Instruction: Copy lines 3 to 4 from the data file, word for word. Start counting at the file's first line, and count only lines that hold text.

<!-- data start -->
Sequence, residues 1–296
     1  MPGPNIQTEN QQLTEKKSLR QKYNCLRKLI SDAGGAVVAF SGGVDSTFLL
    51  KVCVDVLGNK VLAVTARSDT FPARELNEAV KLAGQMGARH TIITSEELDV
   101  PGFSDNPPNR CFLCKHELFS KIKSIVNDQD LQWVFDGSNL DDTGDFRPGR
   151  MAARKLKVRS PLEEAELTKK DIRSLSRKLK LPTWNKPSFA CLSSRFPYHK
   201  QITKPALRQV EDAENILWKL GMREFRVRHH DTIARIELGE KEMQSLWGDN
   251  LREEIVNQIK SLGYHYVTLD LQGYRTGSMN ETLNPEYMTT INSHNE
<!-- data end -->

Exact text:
    51  KVCVDVLGNK VLAVTARSDT FPARELNEAV KLAGQMGARH TIITSEELDV
   101  PGFSDNPPNR CFLCKHELFS KIKSIVNDQD LQWVFDGSNL DDTGDFRPGR